NHS Nightingale Hospital London

The NHS Nightingale Hospital London was the first of the NHS Nightingale Hospitals, temporary hospitals set up by NHS England for the COVID-19 pandemic. It was housed in the ExCeL London convention centre in East London. The hospital was rapidly planned and constructed, being formally opened on 3 April and receiving its first patients on 7 April 2020. It served 54 patients during the first wave of the pandemic, and was used to serve non-COVID patients and provide vaccinations during the second wave. It was closed in April 2021.

NHS Nightingale Hospital London
Barts Health NHS Trust
NHS Nightingale Hospital London Logo.png
NHS Nightingale Hospital London main entrance (2) (cropped).jpg
The main entrance of the hospital during its refit on 30 March 2020
LocationCustom House, London, England
Coordinates51°30′29″N 00°01′49″E / 51.50806°N 0.03028°E / 51.50806; 0.03028Coordinates: 51°30′29″N 00°01′49″E / 51.50806°N 0.03028°E / 51.50806; 0.03028
Care systemNHS England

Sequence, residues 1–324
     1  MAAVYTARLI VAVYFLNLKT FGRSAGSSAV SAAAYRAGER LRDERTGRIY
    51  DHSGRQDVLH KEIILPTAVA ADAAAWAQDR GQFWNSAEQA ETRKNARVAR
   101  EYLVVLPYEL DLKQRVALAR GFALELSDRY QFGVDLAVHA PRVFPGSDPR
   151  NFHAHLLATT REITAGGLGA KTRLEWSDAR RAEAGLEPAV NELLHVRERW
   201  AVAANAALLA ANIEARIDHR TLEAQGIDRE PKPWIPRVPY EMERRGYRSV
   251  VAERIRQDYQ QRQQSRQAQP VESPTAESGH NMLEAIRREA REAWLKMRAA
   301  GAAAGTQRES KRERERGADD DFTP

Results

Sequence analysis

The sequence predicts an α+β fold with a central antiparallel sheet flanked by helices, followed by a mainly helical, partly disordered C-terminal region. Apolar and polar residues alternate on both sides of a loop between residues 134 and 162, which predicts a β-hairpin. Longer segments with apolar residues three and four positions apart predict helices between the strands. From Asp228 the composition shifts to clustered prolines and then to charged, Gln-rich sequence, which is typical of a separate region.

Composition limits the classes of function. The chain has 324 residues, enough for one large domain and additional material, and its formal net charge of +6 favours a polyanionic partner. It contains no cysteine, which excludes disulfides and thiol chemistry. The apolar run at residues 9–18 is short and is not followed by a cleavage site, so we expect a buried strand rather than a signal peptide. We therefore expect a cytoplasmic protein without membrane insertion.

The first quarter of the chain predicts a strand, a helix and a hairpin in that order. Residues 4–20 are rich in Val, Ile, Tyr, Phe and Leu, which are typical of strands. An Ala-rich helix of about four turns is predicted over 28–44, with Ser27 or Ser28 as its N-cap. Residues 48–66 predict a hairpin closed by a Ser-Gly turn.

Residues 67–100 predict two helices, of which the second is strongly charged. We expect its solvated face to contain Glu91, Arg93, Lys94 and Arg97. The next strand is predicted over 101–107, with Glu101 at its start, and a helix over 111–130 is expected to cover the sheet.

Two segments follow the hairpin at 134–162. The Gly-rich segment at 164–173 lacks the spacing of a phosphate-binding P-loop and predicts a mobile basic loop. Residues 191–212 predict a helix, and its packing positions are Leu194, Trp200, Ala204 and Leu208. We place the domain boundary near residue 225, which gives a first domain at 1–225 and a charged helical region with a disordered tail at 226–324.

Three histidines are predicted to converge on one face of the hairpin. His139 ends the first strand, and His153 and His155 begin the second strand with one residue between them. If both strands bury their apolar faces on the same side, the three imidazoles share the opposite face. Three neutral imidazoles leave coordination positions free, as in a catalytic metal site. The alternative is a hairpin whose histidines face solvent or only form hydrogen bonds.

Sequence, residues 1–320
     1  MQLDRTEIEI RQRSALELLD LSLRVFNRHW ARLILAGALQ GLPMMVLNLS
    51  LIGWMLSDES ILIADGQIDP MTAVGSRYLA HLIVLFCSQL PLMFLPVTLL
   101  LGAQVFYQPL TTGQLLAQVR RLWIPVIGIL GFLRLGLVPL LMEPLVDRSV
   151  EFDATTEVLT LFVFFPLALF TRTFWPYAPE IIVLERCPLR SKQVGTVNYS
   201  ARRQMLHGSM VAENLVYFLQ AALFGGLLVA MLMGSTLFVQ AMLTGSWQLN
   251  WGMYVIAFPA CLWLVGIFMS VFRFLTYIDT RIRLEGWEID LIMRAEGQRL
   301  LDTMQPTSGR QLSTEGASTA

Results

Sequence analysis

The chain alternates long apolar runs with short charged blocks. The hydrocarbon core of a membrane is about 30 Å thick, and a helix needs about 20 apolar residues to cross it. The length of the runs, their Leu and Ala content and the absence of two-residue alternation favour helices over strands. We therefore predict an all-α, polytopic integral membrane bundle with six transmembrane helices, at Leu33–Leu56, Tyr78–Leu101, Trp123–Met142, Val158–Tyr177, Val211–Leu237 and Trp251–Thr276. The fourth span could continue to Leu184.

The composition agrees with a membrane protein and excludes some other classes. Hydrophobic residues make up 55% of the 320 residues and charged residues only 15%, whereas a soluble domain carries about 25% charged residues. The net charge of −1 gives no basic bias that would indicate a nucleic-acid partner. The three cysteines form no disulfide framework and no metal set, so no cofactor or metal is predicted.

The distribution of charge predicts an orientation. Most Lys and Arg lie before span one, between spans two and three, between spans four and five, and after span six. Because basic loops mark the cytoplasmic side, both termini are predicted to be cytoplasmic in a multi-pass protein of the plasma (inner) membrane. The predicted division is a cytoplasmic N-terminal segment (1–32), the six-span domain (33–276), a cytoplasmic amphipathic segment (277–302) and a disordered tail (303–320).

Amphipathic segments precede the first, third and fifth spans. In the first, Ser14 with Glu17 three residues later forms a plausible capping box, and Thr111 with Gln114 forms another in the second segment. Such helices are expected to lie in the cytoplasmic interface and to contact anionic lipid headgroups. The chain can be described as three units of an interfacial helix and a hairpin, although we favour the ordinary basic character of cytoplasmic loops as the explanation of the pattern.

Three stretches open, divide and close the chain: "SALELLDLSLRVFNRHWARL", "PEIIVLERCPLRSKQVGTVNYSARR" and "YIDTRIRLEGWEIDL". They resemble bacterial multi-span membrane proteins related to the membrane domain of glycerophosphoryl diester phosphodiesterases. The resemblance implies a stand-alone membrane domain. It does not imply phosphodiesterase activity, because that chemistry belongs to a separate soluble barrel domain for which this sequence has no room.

TypeCOVID-19 critical care
Beds500 (potential for 4,000)
Opened3 April 2020
ClosedApril 2021
ListsHospitals in England


To add extra critical care capacity during the COVID-19 pandemic in the UK, and to treat those with COVID-19, plans were made to create further temporary hospital spaces for those in need of treatment and care.[1][2] They were named "Nightingale Hospitals", after Florence Nightingale, a nurse who came to prominence during the Crimean War and is regarded as the founder of modern nursing.[3]


Planning and constructionEdit

Aerial view of the ExCeL London, the site of the hospital, in 2015

On 21 and 22 March 2020, military planners and NHS England staff visited ExCeL London – an exhibition and convention centre in the Custom House area of Newham, East London – to "determine if the armed forces could support the NHS response to the outbreak". Plans to create the hospital were announced in a press briefing by Health Secretary Matt Hancock on 24 March.[2] The hospital would be run by NHS staff and volunteers, with 700 military personnel providing logistic assistance.[4][5]